The nature of education has increasingly got universalised in the last few decades
Any group activity requires some shared observance of well-considered norms. They could be as basic as the time the activity would begin, where it would begin, how it would conduct itself and more. Any confusion there would have its impact on the nature of the outcome of the group activity. The issue, therefore, is not whether regulations are needed but the level of regulation and its efficacy. A few amongst the free spirited are known to have reservations about any rules or regulations. What they need to realise is that even to enable them to be free spirited, a few regulations would be required. The country has been in fits and starts been attempting to rewrite the regulations required to enable the new education policy. The exact status of firming up regulations related to the same is not openly known, yet. It is obvious that such an exercise would need considered thought and requires lead time. Be that as it may, in the ultimate analysis, regulations are guidelines with thresholds defined. Crossing them would merit visitation of a punitive kind. The negative recognition which would then follow would require credible means of implementation. The credible means of implementation would require an information network and an adequate implementation system. The prescription is difficult to follow with grace and effectiveness. The challenges to the above are obvious. It is the credibility of implantation which would hold the key. When applied to the education system it is important to recognise how the nature of education has increasingly got universalised in the last few decades and how there has been increasing pressure to merge global trends with local traditions. A further consideration which has got to be kept in mind is that of progressive emergence of international guidelines and norms in the education sector like many other sectors including oceans, space, sports and more. A reference to Sustainable Development Goals 2030 may help to make the observation clearer. The fourth SDG talks of having the aim of inclusive, equitable, quality education and lifelong learning. These are ideals with universal appeal. The story continues to talk of equal access and affordable quality-which also would cover university education.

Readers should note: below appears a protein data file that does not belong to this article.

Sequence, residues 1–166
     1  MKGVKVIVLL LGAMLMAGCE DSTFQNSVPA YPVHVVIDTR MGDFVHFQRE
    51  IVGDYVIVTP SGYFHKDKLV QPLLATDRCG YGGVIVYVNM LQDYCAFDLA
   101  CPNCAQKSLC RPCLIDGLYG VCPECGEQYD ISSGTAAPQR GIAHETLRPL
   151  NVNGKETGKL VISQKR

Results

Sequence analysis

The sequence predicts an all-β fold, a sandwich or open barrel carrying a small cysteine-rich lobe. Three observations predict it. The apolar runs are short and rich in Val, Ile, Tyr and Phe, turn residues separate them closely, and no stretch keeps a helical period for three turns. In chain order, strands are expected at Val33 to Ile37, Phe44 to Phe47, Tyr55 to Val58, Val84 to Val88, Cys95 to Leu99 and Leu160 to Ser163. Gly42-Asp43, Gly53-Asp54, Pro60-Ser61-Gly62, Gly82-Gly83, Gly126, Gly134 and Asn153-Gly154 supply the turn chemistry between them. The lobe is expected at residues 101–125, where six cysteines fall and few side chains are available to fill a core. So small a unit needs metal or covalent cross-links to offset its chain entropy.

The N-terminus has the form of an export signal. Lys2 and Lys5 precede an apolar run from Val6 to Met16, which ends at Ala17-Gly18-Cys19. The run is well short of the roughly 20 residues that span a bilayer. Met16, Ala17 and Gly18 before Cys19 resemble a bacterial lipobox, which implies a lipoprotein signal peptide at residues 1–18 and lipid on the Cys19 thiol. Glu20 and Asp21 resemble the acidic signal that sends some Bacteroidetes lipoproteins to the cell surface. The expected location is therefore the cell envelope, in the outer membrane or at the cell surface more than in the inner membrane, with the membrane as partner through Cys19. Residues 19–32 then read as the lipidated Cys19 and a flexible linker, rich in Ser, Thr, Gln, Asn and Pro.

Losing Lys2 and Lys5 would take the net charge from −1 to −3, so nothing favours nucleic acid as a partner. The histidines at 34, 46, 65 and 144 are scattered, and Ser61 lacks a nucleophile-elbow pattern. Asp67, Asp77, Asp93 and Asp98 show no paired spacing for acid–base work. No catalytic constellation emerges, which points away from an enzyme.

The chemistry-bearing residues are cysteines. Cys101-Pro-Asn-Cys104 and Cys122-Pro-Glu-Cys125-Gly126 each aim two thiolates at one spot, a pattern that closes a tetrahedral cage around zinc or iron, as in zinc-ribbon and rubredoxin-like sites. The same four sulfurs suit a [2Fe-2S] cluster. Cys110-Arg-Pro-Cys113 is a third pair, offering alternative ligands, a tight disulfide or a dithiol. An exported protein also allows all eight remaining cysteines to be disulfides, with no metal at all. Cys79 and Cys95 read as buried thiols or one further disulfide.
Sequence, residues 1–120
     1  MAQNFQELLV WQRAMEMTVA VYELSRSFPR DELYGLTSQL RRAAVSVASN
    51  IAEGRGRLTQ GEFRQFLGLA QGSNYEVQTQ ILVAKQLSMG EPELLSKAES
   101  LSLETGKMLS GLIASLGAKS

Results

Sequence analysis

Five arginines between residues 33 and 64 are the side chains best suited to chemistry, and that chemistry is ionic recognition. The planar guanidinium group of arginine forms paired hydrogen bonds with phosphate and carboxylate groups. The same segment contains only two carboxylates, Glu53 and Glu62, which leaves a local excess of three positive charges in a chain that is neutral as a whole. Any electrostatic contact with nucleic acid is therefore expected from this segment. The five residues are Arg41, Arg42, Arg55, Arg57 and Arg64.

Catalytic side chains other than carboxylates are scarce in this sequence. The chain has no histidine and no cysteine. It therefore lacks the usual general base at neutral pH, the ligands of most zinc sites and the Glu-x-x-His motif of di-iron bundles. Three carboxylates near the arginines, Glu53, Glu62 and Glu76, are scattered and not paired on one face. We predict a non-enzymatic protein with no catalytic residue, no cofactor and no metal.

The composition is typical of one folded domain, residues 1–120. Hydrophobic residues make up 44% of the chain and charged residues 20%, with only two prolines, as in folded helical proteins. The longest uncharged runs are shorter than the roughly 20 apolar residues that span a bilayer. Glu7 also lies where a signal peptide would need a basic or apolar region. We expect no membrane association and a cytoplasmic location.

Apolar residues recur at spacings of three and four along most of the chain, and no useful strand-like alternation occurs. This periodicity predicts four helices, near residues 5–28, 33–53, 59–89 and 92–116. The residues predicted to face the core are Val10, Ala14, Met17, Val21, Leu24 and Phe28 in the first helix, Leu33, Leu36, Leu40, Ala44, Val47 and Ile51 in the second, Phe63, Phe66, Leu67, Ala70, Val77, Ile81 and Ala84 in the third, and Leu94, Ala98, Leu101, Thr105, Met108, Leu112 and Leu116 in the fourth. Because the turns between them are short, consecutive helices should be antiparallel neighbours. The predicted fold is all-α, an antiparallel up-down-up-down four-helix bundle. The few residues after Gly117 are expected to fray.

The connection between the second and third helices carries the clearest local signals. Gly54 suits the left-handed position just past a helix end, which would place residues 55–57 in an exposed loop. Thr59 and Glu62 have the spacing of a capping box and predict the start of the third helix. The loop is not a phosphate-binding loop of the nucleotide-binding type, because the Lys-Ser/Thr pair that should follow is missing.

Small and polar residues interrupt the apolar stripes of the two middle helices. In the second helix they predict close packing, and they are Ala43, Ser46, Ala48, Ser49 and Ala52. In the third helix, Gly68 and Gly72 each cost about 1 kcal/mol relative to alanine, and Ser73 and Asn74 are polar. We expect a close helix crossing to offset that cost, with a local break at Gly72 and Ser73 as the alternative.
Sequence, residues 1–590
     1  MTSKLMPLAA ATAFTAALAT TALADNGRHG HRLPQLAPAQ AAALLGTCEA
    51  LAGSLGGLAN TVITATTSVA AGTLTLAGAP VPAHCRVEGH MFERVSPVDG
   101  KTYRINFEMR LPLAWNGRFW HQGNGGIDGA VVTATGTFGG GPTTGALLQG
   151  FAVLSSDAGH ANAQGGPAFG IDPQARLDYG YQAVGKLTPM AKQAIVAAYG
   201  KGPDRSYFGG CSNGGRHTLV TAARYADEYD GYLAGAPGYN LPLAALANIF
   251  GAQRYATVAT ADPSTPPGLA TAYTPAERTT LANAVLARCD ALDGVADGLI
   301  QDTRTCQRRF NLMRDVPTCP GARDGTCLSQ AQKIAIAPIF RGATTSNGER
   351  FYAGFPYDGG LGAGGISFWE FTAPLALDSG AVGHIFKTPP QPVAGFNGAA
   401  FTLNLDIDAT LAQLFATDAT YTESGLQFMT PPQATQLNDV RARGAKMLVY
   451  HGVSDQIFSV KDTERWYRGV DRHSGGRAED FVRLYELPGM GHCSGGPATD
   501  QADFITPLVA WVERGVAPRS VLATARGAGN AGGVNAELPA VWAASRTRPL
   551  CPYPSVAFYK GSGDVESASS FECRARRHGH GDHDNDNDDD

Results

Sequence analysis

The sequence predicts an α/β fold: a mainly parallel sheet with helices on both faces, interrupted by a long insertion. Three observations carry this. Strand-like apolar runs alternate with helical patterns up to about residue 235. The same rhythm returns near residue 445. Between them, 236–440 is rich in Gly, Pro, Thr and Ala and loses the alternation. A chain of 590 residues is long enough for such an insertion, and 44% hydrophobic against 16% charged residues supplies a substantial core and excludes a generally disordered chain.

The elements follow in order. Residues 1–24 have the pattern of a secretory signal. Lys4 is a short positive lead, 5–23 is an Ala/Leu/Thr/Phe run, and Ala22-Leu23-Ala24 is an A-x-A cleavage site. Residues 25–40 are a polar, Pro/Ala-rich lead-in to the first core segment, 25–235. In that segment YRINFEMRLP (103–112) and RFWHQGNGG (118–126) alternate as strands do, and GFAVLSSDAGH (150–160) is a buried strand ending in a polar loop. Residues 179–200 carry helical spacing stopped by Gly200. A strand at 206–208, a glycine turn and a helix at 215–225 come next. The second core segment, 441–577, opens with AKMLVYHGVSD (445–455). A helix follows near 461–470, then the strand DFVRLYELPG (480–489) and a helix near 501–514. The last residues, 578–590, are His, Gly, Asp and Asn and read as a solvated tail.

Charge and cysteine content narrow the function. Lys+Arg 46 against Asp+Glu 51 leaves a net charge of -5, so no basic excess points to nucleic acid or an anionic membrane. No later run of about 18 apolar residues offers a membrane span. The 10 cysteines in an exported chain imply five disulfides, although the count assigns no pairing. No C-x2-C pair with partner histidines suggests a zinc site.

The sectors under reference would include technical, vocational, tertiary sectors and more. On the ground, there is the reality of a rapidly changing economics and that of societal and environmental challenges. With the disruptions arising out of technological developments including digital revolution, artificial intelligence, machine learning and more, a well thought through, acceptable, response of the education system is yet to crystallise. A universal bottom line, would need to emerge. In the meanwhile, web-based education, duly fanned by the pandemic, is increasing its scope and depth. The universe of training is undergoing transmutation and talk of big data developments is a factor to contend with. All this becomes necessary, also because the world is experiencing new models of work and increasingly unpredictable demographic trends. All in all, the present times are unique, if somewhat imponderable. Those who are not allergic to ambiguity will find it fascinating to grapple with some of these issues. The collective ability of this generation and the ones to follow to seize the opportunity will be the touchstones of future joy or grief of human survival.
(The writer is a well-known management consultant. The views expressed are personal.)